THURSDAY, May 12 (HealthDay News) -- Earnings of families that include children with autism spectrum disorder (ASD) appear to be lower than earnings of families that include children with functional limitations or healthy children, according to research presented at the International Meeting for Autism Research, held from May 12 to 14 in San Diego.
Zuleyha Cidav, Ph.D., of the University of Pennsylvania School of Medicine in Philadelphia, and colleagues estimated the effect of caring for a child with autism on parents' labor force participation and hours of market work, and assessed how this effect varied as a function of a child's individual and family characteristics and community factors. They used the Medical Expenditure Panel Survey between 2002 to 2007.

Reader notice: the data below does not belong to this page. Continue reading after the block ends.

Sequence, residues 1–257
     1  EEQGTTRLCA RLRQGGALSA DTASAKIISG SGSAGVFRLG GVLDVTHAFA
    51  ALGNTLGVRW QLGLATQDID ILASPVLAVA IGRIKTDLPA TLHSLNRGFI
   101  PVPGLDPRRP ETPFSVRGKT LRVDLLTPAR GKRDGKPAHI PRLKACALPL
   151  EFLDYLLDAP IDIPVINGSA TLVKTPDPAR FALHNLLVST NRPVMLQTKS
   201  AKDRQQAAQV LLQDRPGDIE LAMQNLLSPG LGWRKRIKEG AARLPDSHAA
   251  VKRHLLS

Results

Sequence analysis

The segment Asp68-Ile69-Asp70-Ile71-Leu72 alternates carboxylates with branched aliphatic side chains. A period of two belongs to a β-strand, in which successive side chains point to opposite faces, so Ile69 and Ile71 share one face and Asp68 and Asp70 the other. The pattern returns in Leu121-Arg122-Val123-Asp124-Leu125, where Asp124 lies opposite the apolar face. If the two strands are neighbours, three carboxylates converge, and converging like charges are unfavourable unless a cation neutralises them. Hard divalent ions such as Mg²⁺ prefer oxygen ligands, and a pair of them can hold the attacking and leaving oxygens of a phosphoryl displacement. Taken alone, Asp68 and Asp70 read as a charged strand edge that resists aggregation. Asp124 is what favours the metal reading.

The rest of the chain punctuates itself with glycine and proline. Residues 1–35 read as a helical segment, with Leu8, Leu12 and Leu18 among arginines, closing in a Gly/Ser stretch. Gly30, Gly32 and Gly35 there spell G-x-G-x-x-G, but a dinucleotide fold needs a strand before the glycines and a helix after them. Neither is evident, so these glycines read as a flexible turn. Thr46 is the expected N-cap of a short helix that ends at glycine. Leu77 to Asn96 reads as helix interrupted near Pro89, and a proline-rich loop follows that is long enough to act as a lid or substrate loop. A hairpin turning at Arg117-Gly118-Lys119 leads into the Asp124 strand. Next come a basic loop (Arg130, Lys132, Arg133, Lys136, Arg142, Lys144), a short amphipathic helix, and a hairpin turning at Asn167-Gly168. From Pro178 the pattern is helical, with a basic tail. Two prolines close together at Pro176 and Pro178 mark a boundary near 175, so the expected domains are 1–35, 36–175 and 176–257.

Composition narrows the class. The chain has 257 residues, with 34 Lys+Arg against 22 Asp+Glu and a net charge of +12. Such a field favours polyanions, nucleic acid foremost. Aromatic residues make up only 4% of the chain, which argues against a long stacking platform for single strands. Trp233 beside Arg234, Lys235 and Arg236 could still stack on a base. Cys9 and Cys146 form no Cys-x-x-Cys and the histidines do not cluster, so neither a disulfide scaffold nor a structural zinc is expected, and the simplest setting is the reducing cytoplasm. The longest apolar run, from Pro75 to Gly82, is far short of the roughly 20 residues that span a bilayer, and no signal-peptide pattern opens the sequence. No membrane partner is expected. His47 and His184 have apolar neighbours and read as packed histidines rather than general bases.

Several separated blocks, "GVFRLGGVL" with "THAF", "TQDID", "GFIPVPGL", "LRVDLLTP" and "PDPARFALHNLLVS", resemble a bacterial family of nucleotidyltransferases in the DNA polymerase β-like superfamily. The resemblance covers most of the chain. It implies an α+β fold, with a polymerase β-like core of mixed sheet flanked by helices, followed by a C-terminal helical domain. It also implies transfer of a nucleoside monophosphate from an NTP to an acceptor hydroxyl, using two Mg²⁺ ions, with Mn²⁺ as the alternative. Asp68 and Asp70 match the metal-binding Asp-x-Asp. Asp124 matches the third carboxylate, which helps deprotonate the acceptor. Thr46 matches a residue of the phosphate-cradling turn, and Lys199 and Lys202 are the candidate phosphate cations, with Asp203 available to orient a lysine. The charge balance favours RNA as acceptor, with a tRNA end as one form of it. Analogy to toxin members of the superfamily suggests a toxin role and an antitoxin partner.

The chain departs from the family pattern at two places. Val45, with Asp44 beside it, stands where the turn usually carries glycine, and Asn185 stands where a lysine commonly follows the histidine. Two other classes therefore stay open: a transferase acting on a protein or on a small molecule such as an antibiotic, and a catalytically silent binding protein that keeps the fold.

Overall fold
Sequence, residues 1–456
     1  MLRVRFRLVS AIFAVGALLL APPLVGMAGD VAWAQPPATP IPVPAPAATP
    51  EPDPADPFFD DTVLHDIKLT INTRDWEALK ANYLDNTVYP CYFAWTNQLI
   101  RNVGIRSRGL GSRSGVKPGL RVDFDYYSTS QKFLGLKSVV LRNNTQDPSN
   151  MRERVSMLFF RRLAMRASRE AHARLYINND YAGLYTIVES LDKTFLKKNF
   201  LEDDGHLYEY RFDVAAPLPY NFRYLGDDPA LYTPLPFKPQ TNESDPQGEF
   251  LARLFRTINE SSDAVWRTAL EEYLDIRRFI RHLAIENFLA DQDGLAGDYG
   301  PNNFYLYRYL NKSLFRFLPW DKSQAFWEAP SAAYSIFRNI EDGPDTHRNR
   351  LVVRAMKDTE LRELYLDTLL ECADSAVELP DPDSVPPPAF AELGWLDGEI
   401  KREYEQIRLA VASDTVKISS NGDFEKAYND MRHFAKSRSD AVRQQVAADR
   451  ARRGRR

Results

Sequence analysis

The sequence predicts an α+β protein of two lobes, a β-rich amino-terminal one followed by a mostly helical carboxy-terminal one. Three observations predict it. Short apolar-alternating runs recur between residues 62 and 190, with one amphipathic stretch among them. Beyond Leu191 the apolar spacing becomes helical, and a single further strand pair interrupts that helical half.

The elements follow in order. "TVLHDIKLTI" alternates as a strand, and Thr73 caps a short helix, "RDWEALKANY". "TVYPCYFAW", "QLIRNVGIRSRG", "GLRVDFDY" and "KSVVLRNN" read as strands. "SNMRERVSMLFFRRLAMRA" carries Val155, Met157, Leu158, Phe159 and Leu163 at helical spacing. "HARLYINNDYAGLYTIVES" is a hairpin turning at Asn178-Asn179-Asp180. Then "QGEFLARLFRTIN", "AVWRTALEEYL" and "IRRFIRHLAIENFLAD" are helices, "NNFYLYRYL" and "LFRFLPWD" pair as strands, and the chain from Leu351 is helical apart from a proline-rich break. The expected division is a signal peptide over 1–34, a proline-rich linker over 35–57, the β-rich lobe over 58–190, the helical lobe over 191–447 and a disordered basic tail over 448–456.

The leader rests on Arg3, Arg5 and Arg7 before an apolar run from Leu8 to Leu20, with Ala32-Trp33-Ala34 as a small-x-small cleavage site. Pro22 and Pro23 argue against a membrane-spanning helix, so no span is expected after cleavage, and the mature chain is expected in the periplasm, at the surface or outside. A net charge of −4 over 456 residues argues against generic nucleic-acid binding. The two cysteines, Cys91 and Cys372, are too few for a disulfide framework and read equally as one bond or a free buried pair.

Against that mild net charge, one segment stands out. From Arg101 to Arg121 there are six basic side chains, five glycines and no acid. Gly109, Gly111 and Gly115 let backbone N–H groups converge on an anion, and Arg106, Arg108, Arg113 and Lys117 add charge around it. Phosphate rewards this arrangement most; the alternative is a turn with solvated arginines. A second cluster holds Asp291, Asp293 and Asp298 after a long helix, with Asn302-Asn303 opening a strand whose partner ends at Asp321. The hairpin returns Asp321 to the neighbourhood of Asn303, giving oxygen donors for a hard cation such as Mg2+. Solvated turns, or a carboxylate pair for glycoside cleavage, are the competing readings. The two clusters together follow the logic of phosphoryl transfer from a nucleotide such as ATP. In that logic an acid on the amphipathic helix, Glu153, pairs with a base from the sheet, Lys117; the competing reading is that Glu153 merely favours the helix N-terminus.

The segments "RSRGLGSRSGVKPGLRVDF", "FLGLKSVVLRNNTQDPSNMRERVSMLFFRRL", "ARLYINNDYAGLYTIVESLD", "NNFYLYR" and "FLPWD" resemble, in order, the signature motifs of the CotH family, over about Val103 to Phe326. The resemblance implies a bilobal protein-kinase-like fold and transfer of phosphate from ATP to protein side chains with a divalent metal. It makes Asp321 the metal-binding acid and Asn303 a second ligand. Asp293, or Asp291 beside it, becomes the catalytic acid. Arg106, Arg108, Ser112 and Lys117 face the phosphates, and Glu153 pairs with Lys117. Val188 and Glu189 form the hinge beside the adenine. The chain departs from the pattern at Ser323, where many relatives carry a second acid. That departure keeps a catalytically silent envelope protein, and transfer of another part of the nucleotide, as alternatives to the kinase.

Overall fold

The investigators found that mothers of children with ASD were 5 percent less likely to be employed than the mothers of children with functional limitations and 12 percent less likely to be employed than the mothers of healthy children. The investigators also found that mothers of children with ASD earned 26 percent less than the mothers of children with functional limitations and 39 percent less than the mothers of healthy children. However, the investigators did not find any significant differences in employment rates and annual earnings among fathers of children with ASD and fathers of children with functional limitations or healthy children.
"Our preliminary results suggest a negative effect of childhood autism on parental employment," the authors write.